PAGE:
106 cardiac cycle systole isovolumic valves are closed

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Unformatted text preview: all of the right atria and from here the AP travels thru both atria to the AV bundle and into the ventricals. 7 Initiation in the atria allows it to pump blood into the ventrical before the strong vetricular contraction and the atria is therefore known as a primer pump AV node may act as the pace maker in the abscence of a fxning SA node Overdrive Suppression •  If you drive a self-excitatory cell at a rate faster than its own inherent rate, you will suppress the cell s own automaticity –  Mechanism may be due to increased activity of Na+/K+ pump creating more negative Er –  Cells of the AV node and purkinje system are under overdrive suppression by the SA node AV node •  Delays the wave of depolarization from entering the ventricle –  allows the atria to contract slightly ahead of the ventricles (.1 sec delay) •  Slow conduction velocity due to smaller diameter fibers •  In absence of SA node, AV node may act as pacemaker but at a slower rate Heart fills with blood during diastole Effect of HR on systole/diastole •  As heart rate (HR) ↑ cycle length (CL) ↓ •  At a resting heart rate systole (S) < diastole (D) •  Both the duration of systole and diastole shorten, but diastole shortens to a greater extent –  At high HR the ventricle may not fill adequately P. 106 Cardiac Cycle •  Systole Isovolumic = valves are closed –  isovolumic contraction –  ejection Mitral are closed and aortic are open •  HR of 75 BPM; CL = .8 sec. S = .3 D = .5 •  HR of 150 BPM; CL = .4 sec. S = .2 D = .2 •  During systole perfusion of the myocardium is restricted by the contracting cardiac muscle compressing blood vessels (especially in LV) Cycle systole= contraction - ejection Diastole = relaxation Coronary flow in left ventricle peaks at onset of diastole •  Diastole Enters diastole phase after relaxation (contraction) –  isovolumic relaxation –  rapid inflow- 70-75% –  diastasis –  atrial systole- 25-30% relaxation Mitral and tricusoid are open Aortic and pulmonary are closed during diastole phase Both valves are closed at both the onset of contraction and onset of 106 106 Onset of Ventricular Contraction •  Isovolumic contraction –  Tricuspid & Mitral valves close •  as ventricular pressure rises above atrial pressure Ejection of blood from ventricles •  Most of blood ejected in first 1/2 of phase •  ventricular pressure peaks and starts to fall off •  ejection is terminated by closure of the semilunar valves (pulmonic & aortic) –  Pulmonic & Aortic valves open •  as ventricular pressure rises above pulmonic & aortic artery pressure During isovolumic contraction there is no emptying as pressure builds in the ventricals During isovolumic relaxation the intraventricular pressure decreases rapidly As pressure builds in the arteries the blood tries to get back into the ventricals but the aortic and pulmonary valves close quickly 8 Ventricular Relaxation •  Isovolumetric (isometric) relaxation-As the ventricular wall relaxes, ventricular pressure (P) falls; the aortic and pulmonic valves close as the ventricular P falls below aortic and pulmonic artery P •  Rapid inflow-When ventricular P falls below atrial...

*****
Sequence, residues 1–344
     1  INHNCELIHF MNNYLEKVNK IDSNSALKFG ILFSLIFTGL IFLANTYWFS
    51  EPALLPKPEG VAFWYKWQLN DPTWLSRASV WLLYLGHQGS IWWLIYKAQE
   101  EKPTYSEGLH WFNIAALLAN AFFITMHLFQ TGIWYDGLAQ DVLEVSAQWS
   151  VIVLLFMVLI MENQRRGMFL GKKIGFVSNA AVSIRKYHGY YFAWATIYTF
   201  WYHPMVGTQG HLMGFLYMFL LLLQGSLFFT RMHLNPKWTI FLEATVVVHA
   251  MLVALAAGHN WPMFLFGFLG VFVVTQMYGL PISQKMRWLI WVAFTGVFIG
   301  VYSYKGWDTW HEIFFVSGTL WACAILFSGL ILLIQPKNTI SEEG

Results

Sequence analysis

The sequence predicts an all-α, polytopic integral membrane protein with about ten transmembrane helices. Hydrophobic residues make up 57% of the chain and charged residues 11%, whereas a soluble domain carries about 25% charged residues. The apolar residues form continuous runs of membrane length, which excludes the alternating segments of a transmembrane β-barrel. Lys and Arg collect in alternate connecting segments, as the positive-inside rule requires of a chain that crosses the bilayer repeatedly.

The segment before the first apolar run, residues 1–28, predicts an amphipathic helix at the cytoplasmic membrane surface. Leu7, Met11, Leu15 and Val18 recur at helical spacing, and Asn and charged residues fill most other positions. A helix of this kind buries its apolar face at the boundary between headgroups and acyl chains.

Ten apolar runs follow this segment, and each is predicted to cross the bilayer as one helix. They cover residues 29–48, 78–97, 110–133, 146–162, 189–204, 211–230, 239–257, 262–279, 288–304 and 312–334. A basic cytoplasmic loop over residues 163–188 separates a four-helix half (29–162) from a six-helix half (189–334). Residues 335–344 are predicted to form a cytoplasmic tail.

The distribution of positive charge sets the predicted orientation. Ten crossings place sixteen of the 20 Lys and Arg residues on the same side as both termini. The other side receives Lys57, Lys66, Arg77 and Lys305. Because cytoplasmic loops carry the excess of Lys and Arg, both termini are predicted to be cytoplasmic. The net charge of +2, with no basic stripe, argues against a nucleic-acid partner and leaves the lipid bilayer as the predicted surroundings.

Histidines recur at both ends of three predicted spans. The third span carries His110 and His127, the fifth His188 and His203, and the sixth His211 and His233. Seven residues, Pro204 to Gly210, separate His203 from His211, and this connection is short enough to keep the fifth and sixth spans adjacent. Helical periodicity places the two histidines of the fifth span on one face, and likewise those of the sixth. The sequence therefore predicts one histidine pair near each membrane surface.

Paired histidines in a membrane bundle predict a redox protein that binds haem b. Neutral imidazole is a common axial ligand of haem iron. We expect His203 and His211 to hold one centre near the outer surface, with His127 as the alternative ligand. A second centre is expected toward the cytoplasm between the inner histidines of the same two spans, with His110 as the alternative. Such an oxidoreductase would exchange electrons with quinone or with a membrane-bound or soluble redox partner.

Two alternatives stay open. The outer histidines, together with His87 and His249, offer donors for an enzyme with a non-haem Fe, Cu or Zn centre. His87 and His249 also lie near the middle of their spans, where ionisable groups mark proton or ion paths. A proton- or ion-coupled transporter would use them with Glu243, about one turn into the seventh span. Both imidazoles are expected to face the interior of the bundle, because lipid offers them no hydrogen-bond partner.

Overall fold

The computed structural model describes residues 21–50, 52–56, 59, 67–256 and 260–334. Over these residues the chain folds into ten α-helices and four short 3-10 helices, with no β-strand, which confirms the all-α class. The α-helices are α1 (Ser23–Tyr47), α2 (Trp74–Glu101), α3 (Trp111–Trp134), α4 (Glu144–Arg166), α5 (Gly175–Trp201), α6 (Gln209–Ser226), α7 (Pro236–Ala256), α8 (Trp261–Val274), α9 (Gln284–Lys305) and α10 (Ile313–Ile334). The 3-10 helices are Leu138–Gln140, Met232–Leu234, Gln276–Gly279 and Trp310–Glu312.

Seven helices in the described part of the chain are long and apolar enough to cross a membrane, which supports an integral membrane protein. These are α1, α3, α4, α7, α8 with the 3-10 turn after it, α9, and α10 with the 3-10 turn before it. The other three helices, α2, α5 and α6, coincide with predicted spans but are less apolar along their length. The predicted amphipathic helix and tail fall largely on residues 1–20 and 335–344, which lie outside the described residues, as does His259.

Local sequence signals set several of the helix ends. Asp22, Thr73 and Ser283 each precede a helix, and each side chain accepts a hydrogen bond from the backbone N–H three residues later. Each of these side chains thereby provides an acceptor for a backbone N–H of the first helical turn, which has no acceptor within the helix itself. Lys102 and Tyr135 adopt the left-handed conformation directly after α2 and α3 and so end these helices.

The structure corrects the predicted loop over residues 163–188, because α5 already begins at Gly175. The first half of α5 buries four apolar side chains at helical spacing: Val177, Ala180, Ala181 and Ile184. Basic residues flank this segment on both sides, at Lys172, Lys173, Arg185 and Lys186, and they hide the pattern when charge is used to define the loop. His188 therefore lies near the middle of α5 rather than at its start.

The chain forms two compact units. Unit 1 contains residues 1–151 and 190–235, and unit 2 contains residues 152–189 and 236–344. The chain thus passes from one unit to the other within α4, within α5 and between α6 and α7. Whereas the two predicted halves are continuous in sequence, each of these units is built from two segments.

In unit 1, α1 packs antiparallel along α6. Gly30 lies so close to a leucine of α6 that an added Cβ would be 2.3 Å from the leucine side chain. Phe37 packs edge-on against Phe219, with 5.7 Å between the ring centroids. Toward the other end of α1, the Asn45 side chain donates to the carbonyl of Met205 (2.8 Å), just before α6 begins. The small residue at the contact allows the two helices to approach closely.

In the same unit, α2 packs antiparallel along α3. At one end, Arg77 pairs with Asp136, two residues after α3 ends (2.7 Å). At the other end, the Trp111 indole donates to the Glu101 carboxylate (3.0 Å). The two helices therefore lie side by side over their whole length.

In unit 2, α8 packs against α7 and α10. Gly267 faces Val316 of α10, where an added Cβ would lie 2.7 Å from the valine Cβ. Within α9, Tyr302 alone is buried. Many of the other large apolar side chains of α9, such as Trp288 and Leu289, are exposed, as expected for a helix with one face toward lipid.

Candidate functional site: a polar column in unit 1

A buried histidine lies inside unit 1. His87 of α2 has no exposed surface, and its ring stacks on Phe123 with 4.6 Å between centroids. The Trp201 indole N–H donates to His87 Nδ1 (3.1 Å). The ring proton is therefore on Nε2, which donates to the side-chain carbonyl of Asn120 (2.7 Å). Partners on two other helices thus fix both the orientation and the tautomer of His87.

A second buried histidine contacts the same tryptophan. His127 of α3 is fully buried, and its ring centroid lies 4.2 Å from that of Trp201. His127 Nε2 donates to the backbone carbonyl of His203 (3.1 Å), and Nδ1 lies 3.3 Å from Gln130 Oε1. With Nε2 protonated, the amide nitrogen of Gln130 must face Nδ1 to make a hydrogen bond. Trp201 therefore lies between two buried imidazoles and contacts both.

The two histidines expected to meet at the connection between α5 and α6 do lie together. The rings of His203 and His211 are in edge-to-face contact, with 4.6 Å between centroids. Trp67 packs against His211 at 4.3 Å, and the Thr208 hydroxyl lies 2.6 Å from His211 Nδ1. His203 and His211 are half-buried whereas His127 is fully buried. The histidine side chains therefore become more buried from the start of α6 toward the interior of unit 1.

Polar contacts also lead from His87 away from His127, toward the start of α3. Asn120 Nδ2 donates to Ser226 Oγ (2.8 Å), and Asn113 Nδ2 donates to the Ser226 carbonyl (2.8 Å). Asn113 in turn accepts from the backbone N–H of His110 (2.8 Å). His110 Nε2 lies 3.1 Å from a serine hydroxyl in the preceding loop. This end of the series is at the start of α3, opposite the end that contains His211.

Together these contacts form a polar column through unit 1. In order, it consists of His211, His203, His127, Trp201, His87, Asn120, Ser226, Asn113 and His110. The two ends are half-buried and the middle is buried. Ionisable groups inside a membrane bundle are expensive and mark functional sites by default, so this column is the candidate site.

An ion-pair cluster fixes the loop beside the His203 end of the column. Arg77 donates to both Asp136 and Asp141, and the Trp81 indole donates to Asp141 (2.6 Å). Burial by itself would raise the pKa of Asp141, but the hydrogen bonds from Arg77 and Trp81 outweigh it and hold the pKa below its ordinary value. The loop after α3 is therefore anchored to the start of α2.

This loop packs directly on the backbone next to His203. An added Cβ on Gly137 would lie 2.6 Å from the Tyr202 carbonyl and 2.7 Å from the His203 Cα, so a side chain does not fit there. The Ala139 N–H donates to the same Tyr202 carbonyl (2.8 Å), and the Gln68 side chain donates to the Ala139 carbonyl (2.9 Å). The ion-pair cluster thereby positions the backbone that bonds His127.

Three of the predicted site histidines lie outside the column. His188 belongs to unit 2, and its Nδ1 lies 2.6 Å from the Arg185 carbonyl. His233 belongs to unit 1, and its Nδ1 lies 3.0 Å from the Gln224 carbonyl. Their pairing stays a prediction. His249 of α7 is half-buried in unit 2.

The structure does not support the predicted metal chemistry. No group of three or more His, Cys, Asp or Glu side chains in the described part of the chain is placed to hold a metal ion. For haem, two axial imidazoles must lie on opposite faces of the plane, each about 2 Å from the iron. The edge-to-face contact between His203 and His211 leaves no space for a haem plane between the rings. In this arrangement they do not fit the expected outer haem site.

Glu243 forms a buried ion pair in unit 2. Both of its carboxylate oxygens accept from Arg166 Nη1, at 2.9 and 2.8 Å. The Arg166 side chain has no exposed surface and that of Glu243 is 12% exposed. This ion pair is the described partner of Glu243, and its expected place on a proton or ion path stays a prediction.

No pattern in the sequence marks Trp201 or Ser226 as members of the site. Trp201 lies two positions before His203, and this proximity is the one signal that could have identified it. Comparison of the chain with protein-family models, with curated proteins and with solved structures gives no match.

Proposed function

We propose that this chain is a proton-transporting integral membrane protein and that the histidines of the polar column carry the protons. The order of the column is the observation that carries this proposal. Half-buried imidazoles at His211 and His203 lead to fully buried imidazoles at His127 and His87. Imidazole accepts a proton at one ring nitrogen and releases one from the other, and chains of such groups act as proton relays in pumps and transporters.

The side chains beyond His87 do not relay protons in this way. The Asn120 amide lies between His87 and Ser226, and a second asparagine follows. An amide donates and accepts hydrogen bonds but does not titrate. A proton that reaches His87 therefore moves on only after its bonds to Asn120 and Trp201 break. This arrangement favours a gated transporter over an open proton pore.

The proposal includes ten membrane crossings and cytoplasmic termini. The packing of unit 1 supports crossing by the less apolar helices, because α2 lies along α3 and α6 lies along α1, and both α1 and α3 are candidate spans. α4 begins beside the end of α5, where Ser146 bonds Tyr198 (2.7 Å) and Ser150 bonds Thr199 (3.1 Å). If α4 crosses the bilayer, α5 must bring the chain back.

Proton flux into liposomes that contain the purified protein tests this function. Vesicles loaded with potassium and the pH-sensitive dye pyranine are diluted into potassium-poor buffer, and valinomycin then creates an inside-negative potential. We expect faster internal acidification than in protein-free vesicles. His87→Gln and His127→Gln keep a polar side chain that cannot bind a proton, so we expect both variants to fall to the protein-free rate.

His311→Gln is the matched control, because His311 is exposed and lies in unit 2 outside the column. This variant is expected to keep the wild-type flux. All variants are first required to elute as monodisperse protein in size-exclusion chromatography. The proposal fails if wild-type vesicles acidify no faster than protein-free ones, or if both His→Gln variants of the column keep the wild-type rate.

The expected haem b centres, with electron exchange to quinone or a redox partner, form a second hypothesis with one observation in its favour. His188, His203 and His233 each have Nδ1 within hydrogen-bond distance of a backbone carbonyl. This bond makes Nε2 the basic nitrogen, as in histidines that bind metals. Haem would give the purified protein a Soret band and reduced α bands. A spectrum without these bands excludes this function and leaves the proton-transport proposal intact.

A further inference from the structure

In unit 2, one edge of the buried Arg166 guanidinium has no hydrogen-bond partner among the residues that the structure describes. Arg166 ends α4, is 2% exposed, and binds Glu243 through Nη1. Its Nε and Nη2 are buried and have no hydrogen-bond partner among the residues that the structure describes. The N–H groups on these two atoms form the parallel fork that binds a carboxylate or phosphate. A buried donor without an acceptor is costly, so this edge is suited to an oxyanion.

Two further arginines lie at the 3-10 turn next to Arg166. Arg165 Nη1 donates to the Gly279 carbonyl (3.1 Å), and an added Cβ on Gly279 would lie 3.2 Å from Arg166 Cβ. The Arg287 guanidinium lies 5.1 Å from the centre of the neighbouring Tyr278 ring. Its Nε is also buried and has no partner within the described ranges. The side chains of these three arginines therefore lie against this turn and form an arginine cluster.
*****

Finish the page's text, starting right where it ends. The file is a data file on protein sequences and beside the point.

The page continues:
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This note was uploaded on 05/03/2011 for the course PHYS 339 taught by Professor Free during the Spring '11 term at Palmer Chiropractic.

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